JK: One of the many scenes in Her Mother’s Hope that moved me was a discussion between Bernie and Hildie speaking of Bernie’s yet-to-be born baby. I loved it for capturing a brother and sister moment as much as for your sensitive portrayal of how betrayal manifests within family dynamics. What did you hope to convey by that scene? Would you say the first book is about forgiveness as much as about the hopes we have as parents and children that sometimes go awry even when we believe we are allowing God to guide us through separations and misunderstandings? What do you hope your readers will take away with them as they finish the series?
FR: I wanted readers to come away from that scene convinced that forgiveness is the high road and the best road to take. We all sin. None of us understands fully what goes on in the mind of someone else. Often we don’t even understand ourselves! And who was the first one to betray in this scene? Hildie had judged and then learned of another side of the situation which gave her new eyes and heart in the matter. Love finds a way to work things out. “Find” is an active verb. I pray readers will find ways to tear down walls and build bridges so they can love one another the way Jesus first loved us.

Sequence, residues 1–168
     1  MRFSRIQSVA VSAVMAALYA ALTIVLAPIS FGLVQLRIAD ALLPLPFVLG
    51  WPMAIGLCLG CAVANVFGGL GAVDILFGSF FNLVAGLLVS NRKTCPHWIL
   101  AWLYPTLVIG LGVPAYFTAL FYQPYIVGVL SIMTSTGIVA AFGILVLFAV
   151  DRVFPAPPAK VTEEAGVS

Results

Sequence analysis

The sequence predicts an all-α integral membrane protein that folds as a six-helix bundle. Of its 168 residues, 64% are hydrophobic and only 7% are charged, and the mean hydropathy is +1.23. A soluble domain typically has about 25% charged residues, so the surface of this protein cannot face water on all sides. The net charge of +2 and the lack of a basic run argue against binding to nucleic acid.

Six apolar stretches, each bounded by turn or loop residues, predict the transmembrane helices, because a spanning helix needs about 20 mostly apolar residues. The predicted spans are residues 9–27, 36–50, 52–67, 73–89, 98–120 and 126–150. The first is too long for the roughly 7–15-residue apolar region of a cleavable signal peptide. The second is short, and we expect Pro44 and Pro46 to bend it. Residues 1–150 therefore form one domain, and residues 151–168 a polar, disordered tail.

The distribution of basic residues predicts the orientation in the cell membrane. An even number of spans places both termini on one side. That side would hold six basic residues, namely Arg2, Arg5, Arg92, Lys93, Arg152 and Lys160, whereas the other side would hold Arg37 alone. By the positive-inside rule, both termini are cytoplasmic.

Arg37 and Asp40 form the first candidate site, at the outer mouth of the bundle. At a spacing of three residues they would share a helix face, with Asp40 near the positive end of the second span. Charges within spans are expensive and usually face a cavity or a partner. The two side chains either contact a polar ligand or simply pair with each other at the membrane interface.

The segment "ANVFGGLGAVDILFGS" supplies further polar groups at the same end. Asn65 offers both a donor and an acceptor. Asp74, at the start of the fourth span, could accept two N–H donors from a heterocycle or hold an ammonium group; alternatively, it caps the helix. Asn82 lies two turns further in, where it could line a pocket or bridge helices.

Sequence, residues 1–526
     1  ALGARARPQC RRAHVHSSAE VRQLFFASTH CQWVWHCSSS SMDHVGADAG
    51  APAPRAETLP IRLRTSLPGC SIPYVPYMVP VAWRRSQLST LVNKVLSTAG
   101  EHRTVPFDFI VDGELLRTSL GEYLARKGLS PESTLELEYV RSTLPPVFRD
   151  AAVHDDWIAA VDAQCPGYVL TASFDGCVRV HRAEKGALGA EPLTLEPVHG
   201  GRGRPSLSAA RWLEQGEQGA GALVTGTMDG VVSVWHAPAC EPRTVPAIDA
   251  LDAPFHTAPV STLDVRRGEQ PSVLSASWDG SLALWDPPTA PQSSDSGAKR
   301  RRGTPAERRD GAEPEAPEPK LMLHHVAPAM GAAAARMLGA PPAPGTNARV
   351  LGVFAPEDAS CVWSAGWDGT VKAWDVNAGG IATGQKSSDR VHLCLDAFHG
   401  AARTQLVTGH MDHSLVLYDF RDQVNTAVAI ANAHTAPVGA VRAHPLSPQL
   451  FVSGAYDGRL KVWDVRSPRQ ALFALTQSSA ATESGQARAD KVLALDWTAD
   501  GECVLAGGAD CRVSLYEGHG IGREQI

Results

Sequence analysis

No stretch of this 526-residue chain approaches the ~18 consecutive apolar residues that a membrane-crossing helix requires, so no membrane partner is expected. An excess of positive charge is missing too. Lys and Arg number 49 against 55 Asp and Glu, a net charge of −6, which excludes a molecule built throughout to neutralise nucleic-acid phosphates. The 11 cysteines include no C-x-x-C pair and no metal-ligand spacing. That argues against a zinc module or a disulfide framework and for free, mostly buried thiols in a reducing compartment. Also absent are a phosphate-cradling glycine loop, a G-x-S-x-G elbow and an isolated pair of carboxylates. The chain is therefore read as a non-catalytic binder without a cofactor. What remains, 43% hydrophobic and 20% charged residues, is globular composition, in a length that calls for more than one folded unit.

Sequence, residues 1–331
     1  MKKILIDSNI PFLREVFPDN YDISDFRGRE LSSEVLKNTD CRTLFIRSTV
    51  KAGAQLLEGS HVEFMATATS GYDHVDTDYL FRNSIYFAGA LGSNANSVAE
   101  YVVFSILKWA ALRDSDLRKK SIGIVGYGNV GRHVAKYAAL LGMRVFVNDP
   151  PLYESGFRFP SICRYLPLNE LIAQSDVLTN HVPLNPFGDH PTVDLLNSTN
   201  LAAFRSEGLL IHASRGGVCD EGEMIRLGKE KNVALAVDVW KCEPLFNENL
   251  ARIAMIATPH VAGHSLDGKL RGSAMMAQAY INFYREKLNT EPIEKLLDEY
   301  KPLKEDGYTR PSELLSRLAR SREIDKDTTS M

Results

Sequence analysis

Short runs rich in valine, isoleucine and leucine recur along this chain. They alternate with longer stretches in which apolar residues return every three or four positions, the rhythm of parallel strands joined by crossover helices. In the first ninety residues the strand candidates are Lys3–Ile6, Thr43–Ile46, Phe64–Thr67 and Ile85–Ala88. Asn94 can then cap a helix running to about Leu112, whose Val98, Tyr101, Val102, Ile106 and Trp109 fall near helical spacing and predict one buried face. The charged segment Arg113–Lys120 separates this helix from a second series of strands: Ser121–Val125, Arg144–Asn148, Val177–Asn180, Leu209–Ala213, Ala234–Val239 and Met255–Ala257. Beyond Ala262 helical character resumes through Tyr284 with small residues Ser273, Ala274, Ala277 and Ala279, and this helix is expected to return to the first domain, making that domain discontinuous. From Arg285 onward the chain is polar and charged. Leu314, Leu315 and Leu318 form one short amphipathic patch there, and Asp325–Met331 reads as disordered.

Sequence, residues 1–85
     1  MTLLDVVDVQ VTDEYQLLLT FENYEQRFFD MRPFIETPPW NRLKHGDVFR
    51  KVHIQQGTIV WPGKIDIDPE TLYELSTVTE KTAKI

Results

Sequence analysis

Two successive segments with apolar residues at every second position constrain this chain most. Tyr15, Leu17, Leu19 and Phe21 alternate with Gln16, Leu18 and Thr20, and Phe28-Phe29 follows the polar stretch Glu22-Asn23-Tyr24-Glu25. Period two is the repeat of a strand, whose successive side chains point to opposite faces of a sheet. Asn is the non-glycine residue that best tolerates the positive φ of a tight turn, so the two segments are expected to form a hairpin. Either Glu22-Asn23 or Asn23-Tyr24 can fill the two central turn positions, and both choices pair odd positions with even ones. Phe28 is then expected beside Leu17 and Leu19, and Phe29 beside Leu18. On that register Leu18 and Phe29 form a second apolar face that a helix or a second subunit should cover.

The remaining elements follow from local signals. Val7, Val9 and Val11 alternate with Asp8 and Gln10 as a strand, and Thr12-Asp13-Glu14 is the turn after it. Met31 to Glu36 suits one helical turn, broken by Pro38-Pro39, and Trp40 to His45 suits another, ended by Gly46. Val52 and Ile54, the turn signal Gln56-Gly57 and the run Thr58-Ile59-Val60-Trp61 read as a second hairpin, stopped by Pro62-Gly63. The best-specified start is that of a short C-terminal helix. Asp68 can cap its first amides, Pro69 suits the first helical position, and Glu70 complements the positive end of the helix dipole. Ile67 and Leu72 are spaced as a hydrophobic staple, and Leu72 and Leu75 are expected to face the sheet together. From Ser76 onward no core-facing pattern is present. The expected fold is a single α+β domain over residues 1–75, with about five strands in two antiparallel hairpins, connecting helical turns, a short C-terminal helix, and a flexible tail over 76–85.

As to parents and children, very often, we (parents) are so busy wanting to impose our will on our children that we fail to allow God’s will to be done – with them or with us. Pain is a great teacher, and one we avoid at all cost. Christian parents have a high calling to teach Biblical principles and be living examples of what it means to walk with Christ and strive to be like Him. Life reminds us we are “works in process”, too.
Her Mother’s Hope is a story about how love often means sacrifice and we shouldn’t make assumptions about one another. Tough love is tough! And it’s often necessary. What we see is not all there is. My hope is readers will come away wanting to know the “back stories” of family members, and they will be willing to share more of themselves as well.
JK: Her Daughter’s Dream releases next month. What do you hope readers will take away from the conclusion of this story?